“Equal right to all goods and pleasures of this world, the destruction of all authority, the negation of all moral restraints — in the final analysis, these are the aims behind the March 18th insurrection and the charter of the fearsome organization that furnished it with an army.” — Parliamentary Inquest on the Paris Commune, from The Society of the Spectacle by Guy Debord (Knabb trans.).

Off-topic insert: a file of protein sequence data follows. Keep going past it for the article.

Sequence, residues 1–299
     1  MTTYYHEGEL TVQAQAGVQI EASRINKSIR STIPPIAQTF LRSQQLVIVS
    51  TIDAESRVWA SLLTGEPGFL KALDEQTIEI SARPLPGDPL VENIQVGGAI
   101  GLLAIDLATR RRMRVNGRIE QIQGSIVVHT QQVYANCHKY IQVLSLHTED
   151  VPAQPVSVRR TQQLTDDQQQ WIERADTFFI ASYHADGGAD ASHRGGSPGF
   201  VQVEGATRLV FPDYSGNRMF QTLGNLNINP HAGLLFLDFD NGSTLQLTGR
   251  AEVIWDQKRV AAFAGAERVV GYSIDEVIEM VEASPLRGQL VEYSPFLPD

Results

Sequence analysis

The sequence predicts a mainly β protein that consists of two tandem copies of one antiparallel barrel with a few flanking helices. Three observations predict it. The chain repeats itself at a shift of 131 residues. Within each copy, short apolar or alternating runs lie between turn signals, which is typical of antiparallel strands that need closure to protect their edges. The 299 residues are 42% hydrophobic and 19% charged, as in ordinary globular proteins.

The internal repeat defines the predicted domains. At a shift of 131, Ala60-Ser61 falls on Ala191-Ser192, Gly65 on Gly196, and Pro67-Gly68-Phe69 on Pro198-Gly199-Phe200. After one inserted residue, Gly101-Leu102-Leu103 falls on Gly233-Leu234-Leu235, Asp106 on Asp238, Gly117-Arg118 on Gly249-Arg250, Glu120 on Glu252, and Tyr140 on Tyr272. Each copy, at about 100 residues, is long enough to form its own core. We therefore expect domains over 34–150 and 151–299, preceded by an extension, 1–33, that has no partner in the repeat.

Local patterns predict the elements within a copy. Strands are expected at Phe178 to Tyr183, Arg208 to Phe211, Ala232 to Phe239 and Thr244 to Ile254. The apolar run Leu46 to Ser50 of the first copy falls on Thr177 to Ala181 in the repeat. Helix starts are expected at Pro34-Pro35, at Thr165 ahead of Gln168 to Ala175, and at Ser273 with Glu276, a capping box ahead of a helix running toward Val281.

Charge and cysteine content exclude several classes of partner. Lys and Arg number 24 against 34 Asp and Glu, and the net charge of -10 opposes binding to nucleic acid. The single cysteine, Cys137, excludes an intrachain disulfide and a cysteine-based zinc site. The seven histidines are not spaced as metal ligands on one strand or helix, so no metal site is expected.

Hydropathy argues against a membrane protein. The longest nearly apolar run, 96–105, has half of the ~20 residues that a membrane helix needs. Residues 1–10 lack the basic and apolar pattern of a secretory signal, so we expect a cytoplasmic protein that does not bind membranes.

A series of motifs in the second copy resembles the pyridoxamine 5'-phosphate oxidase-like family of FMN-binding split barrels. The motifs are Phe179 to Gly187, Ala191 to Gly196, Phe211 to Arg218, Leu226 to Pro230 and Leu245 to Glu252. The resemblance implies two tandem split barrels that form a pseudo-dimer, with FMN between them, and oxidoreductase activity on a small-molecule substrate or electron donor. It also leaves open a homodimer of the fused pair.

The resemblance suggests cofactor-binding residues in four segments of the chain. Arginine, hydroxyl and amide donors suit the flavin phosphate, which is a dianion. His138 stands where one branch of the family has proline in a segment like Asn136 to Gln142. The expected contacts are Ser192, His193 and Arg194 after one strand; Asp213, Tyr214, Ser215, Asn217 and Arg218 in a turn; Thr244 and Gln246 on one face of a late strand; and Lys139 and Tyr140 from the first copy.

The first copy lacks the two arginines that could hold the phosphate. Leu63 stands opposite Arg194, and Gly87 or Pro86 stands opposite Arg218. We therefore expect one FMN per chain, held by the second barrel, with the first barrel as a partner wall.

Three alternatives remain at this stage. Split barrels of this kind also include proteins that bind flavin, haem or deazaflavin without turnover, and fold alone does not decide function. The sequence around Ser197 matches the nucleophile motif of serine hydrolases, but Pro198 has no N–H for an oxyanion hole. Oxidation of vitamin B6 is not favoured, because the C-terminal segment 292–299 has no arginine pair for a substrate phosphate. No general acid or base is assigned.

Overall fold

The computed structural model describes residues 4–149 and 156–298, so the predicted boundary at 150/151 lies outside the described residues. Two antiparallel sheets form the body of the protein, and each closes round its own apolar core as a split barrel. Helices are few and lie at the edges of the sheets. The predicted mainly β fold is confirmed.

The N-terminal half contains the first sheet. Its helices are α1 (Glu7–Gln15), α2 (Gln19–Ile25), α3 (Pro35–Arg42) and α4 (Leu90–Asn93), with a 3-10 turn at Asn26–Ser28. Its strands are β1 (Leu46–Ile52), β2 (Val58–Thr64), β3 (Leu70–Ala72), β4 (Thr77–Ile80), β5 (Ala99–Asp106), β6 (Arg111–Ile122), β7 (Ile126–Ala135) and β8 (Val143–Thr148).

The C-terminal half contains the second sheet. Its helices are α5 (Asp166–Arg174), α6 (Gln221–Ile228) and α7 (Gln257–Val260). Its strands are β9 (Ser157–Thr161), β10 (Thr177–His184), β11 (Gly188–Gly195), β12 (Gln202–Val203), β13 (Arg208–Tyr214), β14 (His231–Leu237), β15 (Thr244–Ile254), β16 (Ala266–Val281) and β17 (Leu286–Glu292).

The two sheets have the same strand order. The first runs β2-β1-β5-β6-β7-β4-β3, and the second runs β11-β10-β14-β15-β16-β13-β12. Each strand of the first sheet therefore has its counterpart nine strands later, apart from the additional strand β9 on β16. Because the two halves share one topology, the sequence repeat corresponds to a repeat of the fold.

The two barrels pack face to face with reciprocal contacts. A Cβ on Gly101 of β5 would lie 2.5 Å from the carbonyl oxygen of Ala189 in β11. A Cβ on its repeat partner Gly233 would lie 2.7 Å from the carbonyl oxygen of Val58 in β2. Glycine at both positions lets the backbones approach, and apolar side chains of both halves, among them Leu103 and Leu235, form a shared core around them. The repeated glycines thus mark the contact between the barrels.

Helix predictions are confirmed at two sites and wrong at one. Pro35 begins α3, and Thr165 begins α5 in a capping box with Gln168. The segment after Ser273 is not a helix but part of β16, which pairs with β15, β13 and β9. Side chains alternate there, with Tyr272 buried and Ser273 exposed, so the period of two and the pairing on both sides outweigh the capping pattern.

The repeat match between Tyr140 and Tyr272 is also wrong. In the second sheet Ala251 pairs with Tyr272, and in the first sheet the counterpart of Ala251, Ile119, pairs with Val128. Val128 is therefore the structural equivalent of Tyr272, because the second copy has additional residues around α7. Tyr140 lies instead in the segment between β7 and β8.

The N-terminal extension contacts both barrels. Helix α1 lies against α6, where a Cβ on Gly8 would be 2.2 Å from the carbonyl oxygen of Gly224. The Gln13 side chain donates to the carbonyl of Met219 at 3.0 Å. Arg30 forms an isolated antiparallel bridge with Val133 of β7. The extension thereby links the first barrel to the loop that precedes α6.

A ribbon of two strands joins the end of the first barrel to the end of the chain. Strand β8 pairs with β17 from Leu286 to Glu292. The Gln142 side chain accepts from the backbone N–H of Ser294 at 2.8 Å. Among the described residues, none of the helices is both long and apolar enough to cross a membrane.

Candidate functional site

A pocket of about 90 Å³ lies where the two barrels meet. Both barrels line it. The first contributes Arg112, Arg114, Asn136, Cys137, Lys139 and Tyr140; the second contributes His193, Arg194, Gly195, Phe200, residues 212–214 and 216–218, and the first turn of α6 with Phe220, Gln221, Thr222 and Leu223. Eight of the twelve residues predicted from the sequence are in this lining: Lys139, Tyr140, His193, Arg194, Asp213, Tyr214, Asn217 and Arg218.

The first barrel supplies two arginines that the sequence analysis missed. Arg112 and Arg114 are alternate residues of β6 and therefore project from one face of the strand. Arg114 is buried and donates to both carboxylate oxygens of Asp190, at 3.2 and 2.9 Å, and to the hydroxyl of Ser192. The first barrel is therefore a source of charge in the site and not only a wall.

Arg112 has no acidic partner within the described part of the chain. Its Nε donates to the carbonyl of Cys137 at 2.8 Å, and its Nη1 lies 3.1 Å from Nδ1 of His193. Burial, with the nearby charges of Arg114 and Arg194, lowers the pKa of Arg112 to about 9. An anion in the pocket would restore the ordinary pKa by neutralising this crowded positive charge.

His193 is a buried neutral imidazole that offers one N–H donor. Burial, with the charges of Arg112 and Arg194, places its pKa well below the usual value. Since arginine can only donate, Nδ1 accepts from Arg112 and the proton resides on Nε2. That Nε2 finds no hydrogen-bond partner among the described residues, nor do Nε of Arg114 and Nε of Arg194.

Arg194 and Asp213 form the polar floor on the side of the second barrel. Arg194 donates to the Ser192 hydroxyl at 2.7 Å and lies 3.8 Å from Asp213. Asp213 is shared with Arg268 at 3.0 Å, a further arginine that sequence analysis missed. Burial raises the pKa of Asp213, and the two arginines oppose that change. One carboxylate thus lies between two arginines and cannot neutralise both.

As I read this book again — I’m reading the chapter on Time and History — it reminds me of that sequence in Lost where John Locke insists he’s a hunter not a farmer. So is the hunter more closely associated with the idealized nomad? In this section of Debord’s Spectacle he talks about the human organization of time; it’s evolution from cyclical “nomadic” time to sedentary agricultural or linear time: “The transition from pastoral nomadism to sedentary agriculture marks the end of an idle and contentless freedom and the beginning of labor.” Labor. So much of academic “life” seems to fall within this construct of labor — the pursuit of contentless freedom is looked down on — not just in academia, of course, but in every sector of bourgeois contemporary society. I don’t think my conclusion has anything to do with Debord’s point necessarily. We’re not making the same point. But it’s been on my mind: what constitutes freedom. I think “time” is one of the most undervalued resources….

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